Both EMBA and MBA programs typically have equally high admission standards, which vary depending on the school. In general, school admissions offices aim to consider applicants as whole people, looking at each individual’s academic profile, professional achievements, and personal characteristics.

The application process for both EMBA and MBA programs are similar, with most programs including the same basic requirements: a resume, essays, academic records and transcripts, letters of recommendation, and an application fee (which varies depending on the program). Some nuance pops up regarding test requirements, work experience, and employer endorsements.

Key EMBA and MBA application differences: Testing, work experience, and employer endorsements

A full-time MBA program will often require GMAT or GRE scores, plus one or two letters of recommendation from professional supervisors or academic advisors. Many programs won’t require work experience, however admissions counselors like to see at least two years of post-college experience, and admitted candidates enter top programs with five years of experience on average [2].

EMBA candidates enter programs with an average of 14 years of professional experience and almost nine years of managerial experience [1], and some programs require a minimum of five to seven years of experience to apply.

Because of an applicant’s proven experience, a number of EMBA admissions offices deem standardized tests optional. Some applicants opt to take the Executive Assessment in lieu of the GMAT or GRE, as it’s designed for prospective students with career experience.

Given the structure of EMBA programs, applicants may need to submit an employer endorsement in addition to their letters of recommendation. This letter indicates that an employer is supportive of the applicant’s educational pursuit and will offer some flexibility when it comes time for those immersive experiences.

Read more: How to Ask for a Letter of Recommendation

Part-time and online MBAs: A happy medium

If you don’t have the professional experience required for an Executive MBA program but want to maintain a full-time job while pursuing your degree, you might consider looking into part-time programs and online programs.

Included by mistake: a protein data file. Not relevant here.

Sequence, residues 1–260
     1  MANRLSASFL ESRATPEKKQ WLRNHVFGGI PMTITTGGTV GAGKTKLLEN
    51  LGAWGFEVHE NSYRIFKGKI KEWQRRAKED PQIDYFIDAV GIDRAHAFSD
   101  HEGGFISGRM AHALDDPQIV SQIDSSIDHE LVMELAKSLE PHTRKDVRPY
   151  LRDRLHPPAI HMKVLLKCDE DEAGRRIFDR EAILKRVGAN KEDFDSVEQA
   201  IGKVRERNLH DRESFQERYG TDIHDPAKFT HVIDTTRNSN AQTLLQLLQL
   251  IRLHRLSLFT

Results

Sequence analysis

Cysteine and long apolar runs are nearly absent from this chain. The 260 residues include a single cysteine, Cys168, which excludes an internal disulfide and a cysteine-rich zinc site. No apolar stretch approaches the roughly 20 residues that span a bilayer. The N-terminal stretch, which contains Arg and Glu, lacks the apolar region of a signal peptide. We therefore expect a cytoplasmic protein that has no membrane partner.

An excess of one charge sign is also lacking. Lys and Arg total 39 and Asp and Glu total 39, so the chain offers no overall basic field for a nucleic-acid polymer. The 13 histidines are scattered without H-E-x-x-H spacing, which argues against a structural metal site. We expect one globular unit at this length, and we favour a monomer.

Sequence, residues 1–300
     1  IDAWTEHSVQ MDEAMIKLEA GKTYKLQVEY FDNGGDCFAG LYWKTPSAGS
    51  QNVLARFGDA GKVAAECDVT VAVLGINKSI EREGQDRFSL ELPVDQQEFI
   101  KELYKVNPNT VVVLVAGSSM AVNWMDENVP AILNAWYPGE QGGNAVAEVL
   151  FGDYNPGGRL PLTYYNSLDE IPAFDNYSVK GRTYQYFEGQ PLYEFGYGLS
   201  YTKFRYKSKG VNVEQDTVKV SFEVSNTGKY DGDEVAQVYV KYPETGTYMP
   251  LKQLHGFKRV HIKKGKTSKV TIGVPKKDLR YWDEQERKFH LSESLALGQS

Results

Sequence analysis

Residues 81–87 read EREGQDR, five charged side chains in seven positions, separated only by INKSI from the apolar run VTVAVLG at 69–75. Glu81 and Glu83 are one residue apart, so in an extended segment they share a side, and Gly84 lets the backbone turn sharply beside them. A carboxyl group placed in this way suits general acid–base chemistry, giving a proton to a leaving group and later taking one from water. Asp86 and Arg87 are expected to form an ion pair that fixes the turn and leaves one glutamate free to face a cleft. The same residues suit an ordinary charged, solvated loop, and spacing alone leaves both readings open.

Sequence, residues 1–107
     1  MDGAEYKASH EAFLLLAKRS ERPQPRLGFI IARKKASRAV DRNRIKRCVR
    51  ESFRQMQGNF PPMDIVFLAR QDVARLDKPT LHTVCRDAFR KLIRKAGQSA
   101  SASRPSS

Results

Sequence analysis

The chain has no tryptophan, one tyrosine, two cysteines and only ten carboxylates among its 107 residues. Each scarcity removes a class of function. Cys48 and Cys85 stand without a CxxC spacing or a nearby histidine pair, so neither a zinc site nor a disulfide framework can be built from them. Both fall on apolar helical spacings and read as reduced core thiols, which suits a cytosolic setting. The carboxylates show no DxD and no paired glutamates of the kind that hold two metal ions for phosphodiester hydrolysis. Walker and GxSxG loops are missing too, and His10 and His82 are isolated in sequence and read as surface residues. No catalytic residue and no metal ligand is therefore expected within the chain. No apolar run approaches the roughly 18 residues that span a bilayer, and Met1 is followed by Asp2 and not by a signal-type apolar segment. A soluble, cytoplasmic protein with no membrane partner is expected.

Both of these MBA options can offer more flexible scheduling than full-time programs, and can help you achieve similar career goals. Class structure and discussion level will align more closely with that of a full-time MBA program, however it may take a bit longer to complete your degree. Depending on how many classes you take each semester, a part-time MBA may take between three and five years to complete.

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EMBA vs. MBA cost and return on investment

The cost of EMBA and MBA programs can vary greatly—from tens of thousands of dollars to over $200,000—depending on the school you attend. Within the same school, there may be some price differences between EMBA and MBA tuition and fees, and full-time MBA programs may have additional costs associated with room and board.

For more information on tuition, check out your prospective school’s website. Take note of whether they report tuition annually, by semester, or for the total cost of the program. They will likely show a breakdown of the fees, and if you’re looking at a public university, may offer a lower tuition to in-state students.

EMBA employer sponsorship

Attending business school is an investment. Some schools may offer scholarships or other forms of financial aid, and students pursuing an EMBA may be able to offset tuition costs with employer sponsorship.

Employer sponsorship is when an employer pays for part or all of their employee’s EMBA tuition. These agreements may come with a requirement that the employee continues working for the company for a certain amount of time after completing their degree program in order to guarantee that the company will benefit from the investment.

In 2020, 28.6 percent of EMBA candidates reported receiving partial employer sponsorship and 17.6 percent reported full employer sponsorship [3]. If you are interested in securing employer sponsorship for your EMBA program, ask your employer about options.

EMBA vs. MBA salary and career growth